247762 HIV/AIDS risk among midlife African-American women: Does the influence of early socialization on norms, roles and behavior matter?

Tuesday, November 1, 2011: 3:10 PM

Joann T. Richardson, PhD , Department of Health and Human Performance, Virginia Commonwealth University, Richmond, VA
Christine Joseph, MPH, EdS , J. Sargeant Reynolds Community College, Richmond, VA
Nanah Fofanah , Department of Health and Human Performance, Virginia Commonwealth University, Richmond, VA
African American women, who represent only 14% of the female population in the U.S., account for approximately two-thirds of the HIV positive women and over half of those with AIDS. High risk heterosexual exposure is their primary mode of transmission. The risk, however, is not borne just by younger women. Interestingly, even among sexually active, midlife or older African-American women (i.e., 40-65 years old), rates are steadily increasing for those living with HIV and for HIV/AIDS-related mortality. The purpose of this investigation was to explore whether early socialization and the early establishment of norms and roles influence risk-taking sexual behaviors throughout midlife for African-American women. The study's methodology utilized individual interviews and focus groups to elicit their attitudes, beliefs, role expectations and behaviors associated with HIV/AIDS risk. In addition, the investigation was designed to ascertain the dominance and influence of long-held norms and customary sexual practices in spite of the known associated risks for contracting HIV/AIDS and the widespread educational campaigns aimed at reducing the risk of exposure. The results highlight the need to target this population at a time when the U.S. is witnessing unprecedented growth in the number of older adults. Therefore, efforts are warranted to get to the core in understanding the dynamics of sexual risk-taking and decision-making among midlife African-American women. Subsequently, effective risk-prevention strategies can be designed, implemented and evaluated that are relevant, appropriate and acceptable to promote lifesaving actions and to enhance their quality of life across the lifespan.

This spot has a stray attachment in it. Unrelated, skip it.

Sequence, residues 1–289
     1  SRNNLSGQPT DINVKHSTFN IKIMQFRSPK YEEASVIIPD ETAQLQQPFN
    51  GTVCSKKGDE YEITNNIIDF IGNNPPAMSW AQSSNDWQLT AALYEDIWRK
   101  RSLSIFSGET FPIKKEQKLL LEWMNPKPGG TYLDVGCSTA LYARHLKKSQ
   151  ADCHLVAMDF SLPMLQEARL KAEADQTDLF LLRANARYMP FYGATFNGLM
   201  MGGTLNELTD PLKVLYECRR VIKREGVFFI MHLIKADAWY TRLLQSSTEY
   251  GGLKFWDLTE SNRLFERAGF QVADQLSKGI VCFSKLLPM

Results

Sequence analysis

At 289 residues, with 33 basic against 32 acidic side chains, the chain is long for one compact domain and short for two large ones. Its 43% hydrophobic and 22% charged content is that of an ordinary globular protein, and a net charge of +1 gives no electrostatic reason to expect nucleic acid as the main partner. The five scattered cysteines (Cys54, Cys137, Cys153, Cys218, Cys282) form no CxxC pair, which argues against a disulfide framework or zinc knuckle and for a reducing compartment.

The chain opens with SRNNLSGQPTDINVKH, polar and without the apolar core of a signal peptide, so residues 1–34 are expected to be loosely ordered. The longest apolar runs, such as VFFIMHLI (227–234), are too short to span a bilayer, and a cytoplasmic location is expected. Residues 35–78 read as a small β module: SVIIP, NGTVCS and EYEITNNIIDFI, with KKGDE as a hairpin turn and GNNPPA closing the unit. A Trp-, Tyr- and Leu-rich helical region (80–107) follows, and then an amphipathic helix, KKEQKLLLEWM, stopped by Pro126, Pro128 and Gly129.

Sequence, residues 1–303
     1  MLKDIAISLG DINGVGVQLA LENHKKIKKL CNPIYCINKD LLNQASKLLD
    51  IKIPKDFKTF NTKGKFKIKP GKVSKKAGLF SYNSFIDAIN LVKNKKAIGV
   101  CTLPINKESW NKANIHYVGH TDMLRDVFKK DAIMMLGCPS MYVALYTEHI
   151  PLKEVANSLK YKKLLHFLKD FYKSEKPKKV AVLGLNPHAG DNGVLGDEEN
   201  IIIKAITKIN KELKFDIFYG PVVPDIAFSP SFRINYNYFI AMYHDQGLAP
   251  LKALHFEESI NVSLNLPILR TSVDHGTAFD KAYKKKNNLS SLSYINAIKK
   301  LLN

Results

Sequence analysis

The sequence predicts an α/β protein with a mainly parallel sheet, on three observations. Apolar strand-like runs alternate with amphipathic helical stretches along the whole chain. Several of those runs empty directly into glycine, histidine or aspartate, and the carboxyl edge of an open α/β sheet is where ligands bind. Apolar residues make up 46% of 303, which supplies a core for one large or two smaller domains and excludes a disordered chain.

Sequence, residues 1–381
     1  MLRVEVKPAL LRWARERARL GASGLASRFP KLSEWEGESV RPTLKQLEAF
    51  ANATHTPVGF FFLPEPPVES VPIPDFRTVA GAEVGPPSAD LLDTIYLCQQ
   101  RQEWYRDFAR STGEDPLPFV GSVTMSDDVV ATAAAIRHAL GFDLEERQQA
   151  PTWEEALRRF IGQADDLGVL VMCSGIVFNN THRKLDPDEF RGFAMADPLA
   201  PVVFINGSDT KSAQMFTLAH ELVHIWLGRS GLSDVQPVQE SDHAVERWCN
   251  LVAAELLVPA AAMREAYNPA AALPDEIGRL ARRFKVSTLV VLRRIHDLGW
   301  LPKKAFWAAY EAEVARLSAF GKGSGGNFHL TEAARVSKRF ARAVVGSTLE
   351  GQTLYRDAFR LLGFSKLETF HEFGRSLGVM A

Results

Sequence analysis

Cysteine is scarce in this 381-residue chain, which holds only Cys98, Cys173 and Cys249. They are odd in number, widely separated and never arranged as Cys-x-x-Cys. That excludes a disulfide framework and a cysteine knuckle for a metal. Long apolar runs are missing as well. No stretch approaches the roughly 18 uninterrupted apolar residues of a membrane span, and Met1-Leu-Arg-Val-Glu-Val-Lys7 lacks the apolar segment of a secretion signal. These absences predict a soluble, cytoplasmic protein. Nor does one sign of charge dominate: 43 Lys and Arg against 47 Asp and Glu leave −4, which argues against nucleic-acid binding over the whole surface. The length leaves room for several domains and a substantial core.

Learning Areas:
Assessment of individual and community needs for health education
Chronic disease management and prevention
Diversity and culture
Social and behavioral sciences

Learning Objectives:
1. Discuss the influence of at least two traditional norms/beliefs on the increased HIV/AIDS risk among midlife African-American women. 2. Identify traditional behaviors/practices that increase HIV/AIDS risk among midlife African-American women.

Keywords: African American, HIV Risk Behavior

Presenting author's disclosure statement:

Qualified on the content I am responsible for because: I am qualified to present because I plan, implement and evaluate programs focusing on chronic disease prevention and control, the utilization of e-health education technology and health disparities.
Any relevant financial relationships? No

I agree to comply with the American Public Health Association Conflict of Interest and Commercial Support Guidelines, and to disclose to the participants any off-label or experimental uses of a commercial product or service discussed in my presentation.